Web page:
The United States doesn’t just possess the largest and most powerful air force on the planet — it actually has three of them. The Air Force, Navy, and Army each boast enough airborne assets to claim each of the top three spots on the podium of global air superiority respectively; but despite America’s dominance in the skies, it’s hard to deny that much of the nation’s aerial arsenal is starting to get a bit long in the tooth.

When something works, it’s often a good idea not to “fix it,” and as such, the U.S. military has continued to rely on tried and true platforms for decades — sometimes for years beyond their intended operational lifespans. These aircraft have undergone extensive updates and upgrades over the years, but many of America’s most relied upon aircraft rolled off of assembly lines before their pilots and crews were even born.

It can be tough to really grasp how old some of these birds are in the scope of time, but it becomes a bit easier when you’re given a frame of reference you can relate to. For me, that frame of reference is often movies. 1993, for instance, was a red letter year for film in my book: Jurassic Park, Groundhog Day, Tombstone and about a dozen other childhood-defining films hit theaters that year, and while I may still watch many of them on a regular basis, the intervening decades have a way of creeping into my mind as I re-watch The Fugitive for the twentieth time.

So to give you a better appreciation of just how long some of these aircraft have been defending our nation’s skies — here’s a short list of some popular military airplanes and some of the big movies that came out the same year that they did:

The A-10 Thunderbolt II and the original Star Wars: 1977

(DoD and Lucas Films)

Hard as it is to believe, the A-10 first took to the skies the same year Luke Skywalker started kissing his sister. Since then, both franchises are still going strong, with a new wing replacement program for the A-10  expected to keep them in the fight for years to come and Disney’s coffers giving Star Wars new wings of their own.

The F-15 Eagle/F-15 Strike Eagle and the original Rocky: 1976

(DoD, United Artist)

1976 saw the launch of both Sylvester Stallone’s career and the air superiority platform that, through extensive updates, remains the fastest intercept fighter in America’s arsenal to this day. It wasn’t until 1988 that the F-15 got an injection of power in the form of upgrades to the F-15E Strike Eagle. According to some reports, that’s right around when Stallone himself started injecting himself with power too.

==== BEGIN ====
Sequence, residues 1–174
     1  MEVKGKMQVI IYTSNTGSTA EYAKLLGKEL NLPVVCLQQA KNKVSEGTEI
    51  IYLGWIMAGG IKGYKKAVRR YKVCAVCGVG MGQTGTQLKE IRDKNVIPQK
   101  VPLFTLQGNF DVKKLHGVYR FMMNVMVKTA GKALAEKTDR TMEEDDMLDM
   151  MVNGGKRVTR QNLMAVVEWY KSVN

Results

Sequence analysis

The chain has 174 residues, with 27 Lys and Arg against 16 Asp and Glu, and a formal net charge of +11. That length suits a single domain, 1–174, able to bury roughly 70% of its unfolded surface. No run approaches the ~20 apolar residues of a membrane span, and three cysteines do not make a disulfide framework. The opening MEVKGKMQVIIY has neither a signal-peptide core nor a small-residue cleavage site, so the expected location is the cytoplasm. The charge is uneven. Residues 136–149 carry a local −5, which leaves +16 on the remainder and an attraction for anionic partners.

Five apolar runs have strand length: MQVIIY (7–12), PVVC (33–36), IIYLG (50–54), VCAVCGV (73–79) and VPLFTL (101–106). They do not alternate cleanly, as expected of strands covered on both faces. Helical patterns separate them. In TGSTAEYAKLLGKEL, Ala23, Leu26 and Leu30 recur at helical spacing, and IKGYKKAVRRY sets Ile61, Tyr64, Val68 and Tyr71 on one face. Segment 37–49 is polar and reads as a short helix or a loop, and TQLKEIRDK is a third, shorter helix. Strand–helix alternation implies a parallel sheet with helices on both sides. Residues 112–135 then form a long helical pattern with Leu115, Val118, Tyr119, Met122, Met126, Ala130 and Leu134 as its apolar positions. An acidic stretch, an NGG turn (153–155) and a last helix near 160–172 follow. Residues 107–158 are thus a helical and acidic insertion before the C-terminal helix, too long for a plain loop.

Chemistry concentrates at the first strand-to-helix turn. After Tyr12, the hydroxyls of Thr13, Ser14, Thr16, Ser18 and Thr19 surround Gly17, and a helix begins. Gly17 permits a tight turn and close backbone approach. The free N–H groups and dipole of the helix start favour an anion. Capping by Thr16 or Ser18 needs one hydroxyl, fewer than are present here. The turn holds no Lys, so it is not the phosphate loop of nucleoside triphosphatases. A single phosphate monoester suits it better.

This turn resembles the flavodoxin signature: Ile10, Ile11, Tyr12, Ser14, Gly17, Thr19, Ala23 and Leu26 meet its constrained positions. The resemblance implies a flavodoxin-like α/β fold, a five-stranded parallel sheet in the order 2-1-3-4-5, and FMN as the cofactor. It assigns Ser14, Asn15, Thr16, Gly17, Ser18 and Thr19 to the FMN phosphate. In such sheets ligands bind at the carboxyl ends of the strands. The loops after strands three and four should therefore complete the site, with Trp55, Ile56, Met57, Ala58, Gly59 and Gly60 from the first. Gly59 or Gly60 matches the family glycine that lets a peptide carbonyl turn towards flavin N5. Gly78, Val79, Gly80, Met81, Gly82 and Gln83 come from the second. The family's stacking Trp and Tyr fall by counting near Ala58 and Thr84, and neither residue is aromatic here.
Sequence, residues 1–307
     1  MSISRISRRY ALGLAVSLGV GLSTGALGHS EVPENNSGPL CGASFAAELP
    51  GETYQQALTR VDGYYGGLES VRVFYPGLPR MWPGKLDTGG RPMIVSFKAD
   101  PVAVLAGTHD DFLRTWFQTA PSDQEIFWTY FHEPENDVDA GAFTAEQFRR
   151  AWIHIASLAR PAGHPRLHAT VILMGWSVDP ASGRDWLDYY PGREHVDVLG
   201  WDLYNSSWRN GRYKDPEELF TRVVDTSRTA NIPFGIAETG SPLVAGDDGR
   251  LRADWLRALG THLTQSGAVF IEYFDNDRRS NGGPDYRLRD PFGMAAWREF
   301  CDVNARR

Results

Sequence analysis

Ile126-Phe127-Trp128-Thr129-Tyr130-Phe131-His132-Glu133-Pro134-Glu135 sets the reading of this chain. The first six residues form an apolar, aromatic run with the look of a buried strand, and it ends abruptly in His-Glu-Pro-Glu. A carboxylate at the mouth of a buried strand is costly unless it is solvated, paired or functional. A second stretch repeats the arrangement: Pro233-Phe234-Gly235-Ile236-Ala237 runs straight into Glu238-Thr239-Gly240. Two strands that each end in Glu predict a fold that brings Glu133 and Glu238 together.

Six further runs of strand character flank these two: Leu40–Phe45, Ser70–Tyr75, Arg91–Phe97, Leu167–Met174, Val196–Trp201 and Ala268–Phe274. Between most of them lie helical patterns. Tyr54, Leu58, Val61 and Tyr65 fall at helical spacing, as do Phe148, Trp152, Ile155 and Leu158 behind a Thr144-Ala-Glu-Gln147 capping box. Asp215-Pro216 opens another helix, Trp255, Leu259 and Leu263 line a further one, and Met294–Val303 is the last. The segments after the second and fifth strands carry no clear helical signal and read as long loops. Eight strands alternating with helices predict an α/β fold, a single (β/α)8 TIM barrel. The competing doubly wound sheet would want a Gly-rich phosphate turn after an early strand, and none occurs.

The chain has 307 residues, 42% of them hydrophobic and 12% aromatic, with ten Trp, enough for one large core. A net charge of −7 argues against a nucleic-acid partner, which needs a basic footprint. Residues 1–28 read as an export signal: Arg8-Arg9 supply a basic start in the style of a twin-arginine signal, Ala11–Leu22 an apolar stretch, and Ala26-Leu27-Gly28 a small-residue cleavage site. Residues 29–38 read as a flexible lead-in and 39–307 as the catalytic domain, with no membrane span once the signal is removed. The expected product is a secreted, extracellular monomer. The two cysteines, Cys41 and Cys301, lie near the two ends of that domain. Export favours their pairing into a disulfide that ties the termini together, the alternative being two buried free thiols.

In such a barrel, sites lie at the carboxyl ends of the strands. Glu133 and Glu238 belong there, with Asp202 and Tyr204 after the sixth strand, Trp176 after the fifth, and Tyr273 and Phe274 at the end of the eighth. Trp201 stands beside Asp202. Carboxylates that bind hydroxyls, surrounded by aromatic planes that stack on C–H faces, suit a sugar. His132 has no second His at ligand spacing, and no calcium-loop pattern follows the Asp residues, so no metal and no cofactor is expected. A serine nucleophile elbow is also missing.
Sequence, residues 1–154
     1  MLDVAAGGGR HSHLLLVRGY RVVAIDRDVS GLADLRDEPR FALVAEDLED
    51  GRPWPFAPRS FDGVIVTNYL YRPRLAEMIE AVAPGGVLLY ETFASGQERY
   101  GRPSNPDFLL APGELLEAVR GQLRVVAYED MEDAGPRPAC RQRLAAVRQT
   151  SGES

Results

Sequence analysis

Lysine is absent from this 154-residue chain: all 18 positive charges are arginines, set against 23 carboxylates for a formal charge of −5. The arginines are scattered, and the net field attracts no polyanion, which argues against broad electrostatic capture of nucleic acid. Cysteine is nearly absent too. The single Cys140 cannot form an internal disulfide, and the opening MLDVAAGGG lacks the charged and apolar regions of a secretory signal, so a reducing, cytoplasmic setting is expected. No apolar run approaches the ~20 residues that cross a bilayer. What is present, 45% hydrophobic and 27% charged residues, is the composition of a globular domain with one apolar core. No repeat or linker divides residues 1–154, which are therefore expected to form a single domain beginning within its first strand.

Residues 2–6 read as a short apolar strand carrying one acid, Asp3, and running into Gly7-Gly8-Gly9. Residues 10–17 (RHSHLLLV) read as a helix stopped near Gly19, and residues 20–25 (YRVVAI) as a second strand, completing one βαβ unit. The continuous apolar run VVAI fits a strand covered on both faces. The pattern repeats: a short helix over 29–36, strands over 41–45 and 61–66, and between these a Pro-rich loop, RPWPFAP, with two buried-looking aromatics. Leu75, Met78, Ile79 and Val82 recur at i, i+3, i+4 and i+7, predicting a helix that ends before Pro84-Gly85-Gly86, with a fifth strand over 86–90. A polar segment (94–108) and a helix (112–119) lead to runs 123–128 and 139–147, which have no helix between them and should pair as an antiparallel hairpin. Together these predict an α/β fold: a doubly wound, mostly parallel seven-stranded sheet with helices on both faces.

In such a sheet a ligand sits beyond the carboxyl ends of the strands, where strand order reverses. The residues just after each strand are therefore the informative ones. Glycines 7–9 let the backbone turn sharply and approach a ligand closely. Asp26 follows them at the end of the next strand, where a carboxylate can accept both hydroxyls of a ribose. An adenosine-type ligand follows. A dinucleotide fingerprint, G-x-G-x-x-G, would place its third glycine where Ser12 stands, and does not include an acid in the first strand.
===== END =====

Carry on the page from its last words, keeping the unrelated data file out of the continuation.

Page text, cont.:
The F/A-18 Hornet/Super Hornet and Animal House: 1978

(USAF and Universal Pictures)

While the Super Hornet is set to undergo another extensive facelift starting this year, it’s first iterations began flying way back when Delta Tau Chi was still on Double Secret Probation. The platform has since proven itself time and time again as a capable carrier-based fighter, and Animal House has remained hilarious to this day.

AC-130 Spooky II and Bullitt: 1968

(WikiMedia Commons)

If you’re a fan of car chases, you’re familiar with the movie Bullitt. If you’re a fan of huge aircraft with huge guns that can rain hell fire down on enemy positions, you’re familiar with the AC-130 Spooky II. Bullitt defined muscle cars for a generation, but new iterations of the AC-130 will continue to deliver rounds on target for decades to come.

The B-52H Stratofortress and Rebel Without a Cause: 1955

(DoD and Warner Bros)

The airborne leg of America’s nuclear triad, the B-52H Stratofortress, has been in service for so long that theoretically, the great grandsons of this aircraft’s first pilots could be flying an updated version of the same plane today. It first took to the skies back when James Dean was still discussed in terms of potential and Eisenhower occupied the Oval Office. While the forthcoming B-21 Raider is slated to replace the newer B-2 Spirit and B-1B Lancer, the B-52 is expected to continue to serve for decades to come.